I have a problem. I feel like if I need to open up to my mom but she will get mad at how I feel because everything I say.
Kristal from Miami
Don't be afraid to talk to your mom hun. Even if she gets upset, I think most mom's appreciate it when their kids trust them enough to be open and honest. She may get frustrated and not always say/do things right..but she loves you..remember that!
Hang in there
Hi, I have a teenaged daughter. One suggestion is to write your feelings to your mom in a letter. This gives you a chance to get things off your chest without emotional reactions getting in the way, and your mom a chance to think about what you have said without having to come up with an immediate response. She will also know that this is important to you- you took the time to think about it and write it down. Hope this helps!
I agree that writing it down would be a good idea. SusannL said it perfectly!
You could also include things you're grateful to her for, so that she knows that she is appreciated as well.
If you don't talk to your mom how is she to know your feelings and thoughts? I raised two daughters and even though I did not always agree with what they said, telling me stuff they were concerned about helped us to have a better relationship.
You go, girl - I am 'pulling" for you!
Please be honest with your Mom. Maybe it will be easier to write down what you need to say. My daughter did that for several years. I would find the note when I got to work, then I would have time to collect my thoughts and really give an appropriate answer. Do not under estimate your Mom, the love of a Mother is boundless!
I agree that sometimes writing out your feelings is easier - whether you leave it for her to read or whether you use the letter as a springboard to talk to your mom. Talking face to face is almost always better though, so if you do, be respectful and be honest with her about your fears - just start by saying something like "Mom, I need to talk with you about something but first, I have to have your word that you will listen to what I have to say and not interrupt me. I need to know that I can say what I have to say without you losing your temper and getting angry with me." Then, just take a deep breath and say whatever it is you have to say. I sense that you may have something to tell her that you feel she is going to be upset with you about. That may well be the case, as a parent I can tell you that our fears often play out as anger. Mothers love their kids and want the best for them and it is only natural to react to anything that goes against those feelings. I think if you're open about your own fears and your need for your mom to fully hear you out right up front, it may be easier for her to keep her own emotions in check and give you time to get it all out. The bottom line is that no matter how bad you think what you have to say is, it is always better to be up front and honest with your mom from the very beginning. Don't keep it in and let it fester and eat away at you.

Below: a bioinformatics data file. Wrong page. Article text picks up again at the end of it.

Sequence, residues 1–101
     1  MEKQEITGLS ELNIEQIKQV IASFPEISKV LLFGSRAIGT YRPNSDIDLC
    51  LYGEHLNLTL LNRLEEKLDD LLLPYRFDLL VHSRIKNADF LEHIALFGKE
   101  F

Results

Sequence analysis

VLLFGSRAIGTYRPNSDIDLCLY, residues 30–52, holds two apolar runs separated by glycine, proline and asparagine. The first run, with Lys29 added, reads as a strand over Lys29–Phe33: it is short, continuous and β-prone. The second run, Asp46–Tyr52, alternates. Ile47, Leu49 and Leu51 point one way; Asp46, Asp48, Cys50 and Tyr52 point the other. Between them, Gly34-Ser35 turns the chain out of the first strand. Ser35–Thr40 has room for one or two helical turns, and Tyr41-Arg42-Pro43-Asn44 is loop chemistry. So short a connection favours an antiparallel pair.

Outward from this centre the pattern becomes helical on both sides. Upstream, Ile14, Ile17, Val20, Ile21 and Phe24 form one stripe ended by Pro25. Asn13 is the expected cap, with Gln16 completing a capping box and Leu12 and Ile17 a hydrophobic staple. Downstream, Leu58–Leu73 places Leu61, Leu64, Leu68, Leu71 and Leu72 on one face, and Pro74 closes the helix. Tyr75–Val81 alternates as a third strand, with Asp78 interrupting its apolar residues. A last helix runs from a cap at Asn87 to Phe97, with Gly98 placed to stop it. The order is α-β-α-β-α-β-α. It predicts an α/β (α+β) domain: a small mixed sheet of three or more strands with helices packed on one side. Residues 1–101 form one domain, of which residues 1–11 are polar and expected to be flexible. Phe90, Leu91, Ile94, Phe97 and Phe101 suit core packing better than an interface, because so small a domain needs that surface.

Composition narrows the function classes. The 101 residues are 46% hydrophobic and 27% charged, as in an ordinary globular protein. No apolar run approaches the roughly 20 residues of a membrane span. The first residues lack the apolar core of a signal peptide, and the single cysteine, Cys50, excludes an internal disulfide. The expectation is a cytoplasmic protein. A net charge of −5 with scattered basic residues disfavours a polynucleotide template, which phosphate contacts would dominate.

How old are you and how do you know how your mom feels, My Daughter was the same way but she found out she was wrong and now she comes and talkes to me all the time my sons as well if your mom gets mad she might have a reason to do so but she will get over it and best of all BE HONEST with her i give the same advice to my Granddaughtes and its up to them if they wont to take it But good luck to you
its better to try and fail than not try at all. you have at least a 50/50 chance she'll hear you. part of growing up, painful as it can sometimes be, is learning how to make yourself heard. i know this sounds like homework, but there are books on how to talk to adults and family. ask at the library or a school counselor. there are good ideas like writing yourself a list of what you want to say. or how to word a letter to get the best results. you know your mom better than any book so you take the best ideas and put them to work for you. good luck.
Hi, if you are not sure about your Mom how about talking to another relative first (your Grandma or your aunt or Dad).
I can still remember how much my Mom told me off when I confided in her when I was a teenager, and I am 50 now.
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